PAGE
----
In the Book of Romans Paul tells us why. Up until the day we die we carry around a sinful nature. And sometimes – oftentimes – we give in to it. Sometimes in weakness. Sometimes in ignorance. Sometimes in defiance.

Jonah’s sins of pride, arrogance, selfishness and prejudice come through loud and clear. What about us? No need for examples. Each of us knows our own areas of weakness. So does Satan and the world we live in. And they both have an uncanny knack of being able to knock on the doors where we are most vulnerable.

What do we do? We fortify ourselves by Word and sacrament and grow stronger in our faith. But when we fail, and we will, we do what Jonah did in chapter two.

#2: Repentance. If you have ever read the celebrated American novel Moby Dick you may recall a section where the author takes us to a Whalers’ Chapel. The old pastor (his name is Father Mapple), a former whaler himself, mounts a high pulpit constructed in the form of a ship’s bow, and delivers a stirring sermon based on the Book of Jonah.

As one of his main points he says: “Shipmates, I do not place Jonah before you to be copied for his sin, but I do place him before you as a model of repentance. Sin not; but if you do, take heed to repent of it like Jonah.”

Good counsel. This pastor can’t improve on Father Mapple’s words, so I’ll just repeat them: “Sin not; but if you do, take heed to repent of it like Jonah.”

Repentance is so important because it acknowledges our sin before God. More importantly, it lays hold of God’s provision for our forgiveness. Jonah ended his prayer with this declaration: “Salvation comes from the Lord.” What Jonah knew in part as an Old Testament believer, we know in full. Salvation comes through the Messiah, whom Jonah knew was to come, and whom we know has come. His name is Jesus Christ.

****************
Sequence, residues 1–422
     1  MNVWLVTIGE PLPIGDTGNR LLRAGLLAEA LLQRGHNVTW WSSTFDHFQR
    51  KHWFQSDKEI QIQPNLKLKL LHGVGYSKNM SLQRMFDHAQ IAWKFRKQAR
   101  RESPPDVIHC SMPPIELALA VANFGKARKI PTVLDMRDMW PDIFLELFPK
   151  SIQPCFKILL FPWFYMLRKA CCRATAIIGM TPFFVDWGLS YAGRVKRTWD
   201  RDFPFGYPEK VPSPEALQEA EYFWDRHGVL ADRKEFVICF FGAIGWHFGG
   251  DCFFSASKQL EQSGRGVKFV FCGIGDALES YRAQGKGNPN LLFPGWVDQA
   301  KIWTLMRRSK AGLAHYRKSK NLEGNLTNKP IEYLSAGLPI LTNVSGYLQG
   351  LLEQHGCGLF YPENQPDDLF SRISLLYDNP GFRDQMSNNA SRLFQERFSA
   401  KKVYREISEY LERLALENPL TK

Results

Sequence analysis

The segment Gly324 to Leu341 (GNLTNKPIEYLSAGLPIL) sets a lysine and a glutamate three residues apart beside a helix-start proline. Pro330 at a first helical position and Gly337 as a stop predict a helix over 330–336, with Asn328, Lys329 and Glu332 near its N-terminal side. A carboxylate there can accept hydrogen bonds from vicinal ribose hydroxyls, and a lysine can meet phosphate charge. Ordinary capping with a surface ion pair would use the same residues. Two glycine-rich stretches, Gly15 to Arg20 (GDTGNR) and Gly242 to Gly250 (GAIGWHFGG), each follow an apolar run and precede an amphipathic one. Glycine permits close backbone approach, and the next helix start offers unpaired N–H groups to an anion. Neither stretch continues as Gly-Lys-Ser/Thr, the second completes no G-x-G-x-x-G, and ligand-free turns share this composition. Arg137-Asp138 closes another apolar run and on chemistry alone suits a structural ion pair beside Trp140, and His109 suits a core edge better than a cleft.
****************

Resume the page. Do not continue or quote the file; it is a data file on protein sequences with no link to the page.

We know the plan of salvation. How Jesus became one of us. How as our substitute he never disobeyed God, like Jonah did, and we do. How he took the punishment our sins deserve by dying on the cross, again in our place. And how he proved our redemption was complete and successful by fulfilling on Easter Sunday what he refers to three times in the Gospels as “the sign of Jonah.” “For as Jonah was three days and three nights in the belly of a huge fish, so the Son of Man will be three days and three nights in the heart of the earth,” Jesus declares.

As Jonah emerged, so Jesus emerged from the grave. And because he lives, we also will live, eternally, says Jesus.

#3: Repentance leads to restoration and recommitment. How can it not? The life of discipleship is not a life of checking off designated boxes on some sort of unwritten “this is what it means to be a Christian” form. Rather it is a relationship with the God who loves us and saved us; a life that responds to the forgiveness, care, and attentiveness that comes to us 24/7 everyday from the hand of a gracious and compassionate God.

Truly we are blessed to be in that relationship, just like Jonah was. But his final chapter reminds us to be on guard. Because of that sinful nature we still carry around on this side of heaven, we must always be watchful of regressing. And when that happens, we remember Jonah in chapters two and three all over again – repentance, which leads to restoration, which leads to recommitment.

Which leads to peace.

So what do we learn from this minor prophet? How do we sum up the message of his book? On the one hand, we see how God’s children – even an Old Testament prophet like Jonah – can struggle in their life of discipleship.

But above all, and for this we must always thank him, Jonah is the story of God’s compassion. And we, through Jesus, are the beneficiaries of his grace. Amen.